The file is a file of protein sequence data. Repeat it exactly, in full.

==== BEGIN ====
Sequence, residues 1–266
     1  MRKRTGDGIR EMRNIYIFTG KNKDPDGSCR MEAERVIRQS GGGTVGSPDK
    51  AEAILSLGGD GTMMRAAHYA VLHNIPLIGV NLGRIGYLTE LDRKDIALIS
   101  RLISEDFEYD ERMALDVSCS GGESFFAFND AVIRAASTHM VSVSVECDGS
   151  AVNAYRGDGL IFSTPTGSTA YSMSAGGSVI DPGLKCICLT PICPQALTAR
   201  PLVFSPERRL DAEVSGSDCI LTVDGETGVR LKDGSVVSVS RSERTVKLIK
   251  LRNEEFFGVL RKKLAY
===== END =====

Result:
Sequence, residues 1–266
     1  MRKRTGDGIR EMRNIYIFTG KNKDPDGSCR MEAERVIRQS GGGTVGSPDK
    51  AEAILSLGGD GTMMRAAHYA VLHNIPLIGV NLGRIGYLTE LDRKDIALIS
   101  RLISEDFEYD ERMALDVSCS GGESFFAFND AVIRAASTHM VSVSVECDGS
   151  AVNAYRGDGL IFSTPTGSTA YSMSAGGSVI DPGLKCICLT PICPQALTAR
   201  PLVFSPERRL DAEVSGSDCI LTVDGETGVR LKDGSVVSVS RSERTVKLIK
   251  LRNEEFFGVL RKKLAY